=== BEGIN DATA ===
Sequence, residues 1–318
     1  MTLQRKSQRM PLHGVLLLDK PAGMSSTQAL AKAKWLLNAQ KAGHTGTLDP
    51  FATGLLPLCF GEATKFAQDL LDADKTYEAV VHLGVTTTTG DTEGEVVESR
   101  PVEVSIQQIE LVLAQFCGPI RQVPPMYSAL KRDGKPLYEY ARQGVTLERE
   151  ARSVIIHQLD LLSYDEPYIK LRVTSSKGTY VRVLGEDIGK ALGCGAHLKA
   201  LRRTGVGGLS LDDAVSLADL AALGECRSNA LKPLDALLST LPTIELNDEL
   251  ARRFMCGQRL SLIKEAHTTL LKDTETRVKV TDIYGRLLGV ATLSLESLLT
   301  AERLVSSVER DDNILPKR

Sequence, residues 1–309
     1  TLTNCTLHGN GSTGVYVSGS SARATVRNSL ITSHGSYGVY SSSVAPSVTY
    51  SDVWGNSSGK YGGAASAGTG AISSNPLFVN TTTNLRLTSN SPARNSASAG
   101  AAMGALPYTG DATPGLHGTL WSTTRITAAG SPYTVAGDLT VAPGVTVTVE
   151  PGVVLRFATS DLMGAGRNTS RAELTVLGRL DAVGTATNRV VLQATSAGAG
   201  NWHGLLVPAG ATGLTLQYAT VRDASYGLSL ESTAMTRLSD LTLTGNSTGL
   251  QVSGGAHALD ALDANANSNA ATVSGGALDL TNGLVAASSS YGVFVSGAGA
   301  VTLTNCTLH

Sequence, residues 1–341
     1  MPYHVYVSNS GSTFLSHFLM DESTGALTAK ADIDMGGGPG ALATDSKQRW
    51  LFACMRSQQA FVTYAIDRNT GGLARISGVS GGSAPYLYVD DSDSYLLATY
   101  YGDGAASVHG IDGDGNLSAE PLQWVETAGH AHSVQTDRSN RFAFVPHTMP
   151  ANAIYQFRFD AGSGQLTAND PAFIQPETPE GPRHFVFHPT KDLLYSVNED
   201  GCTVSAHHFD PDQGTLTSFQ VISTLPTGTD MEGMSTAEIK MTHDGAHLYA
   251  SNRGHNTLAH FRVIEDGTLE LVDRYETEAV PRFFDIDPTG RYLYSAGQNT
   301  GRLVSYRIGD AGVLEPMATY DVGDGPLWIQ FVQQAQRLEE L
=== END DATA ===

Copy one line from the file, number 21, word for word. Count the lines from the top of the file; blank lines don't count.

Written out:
   151  ANAIYQFRFD AGSGQLTAND PAFIQPETPE GPRHFVFHPT KDLLYSVNED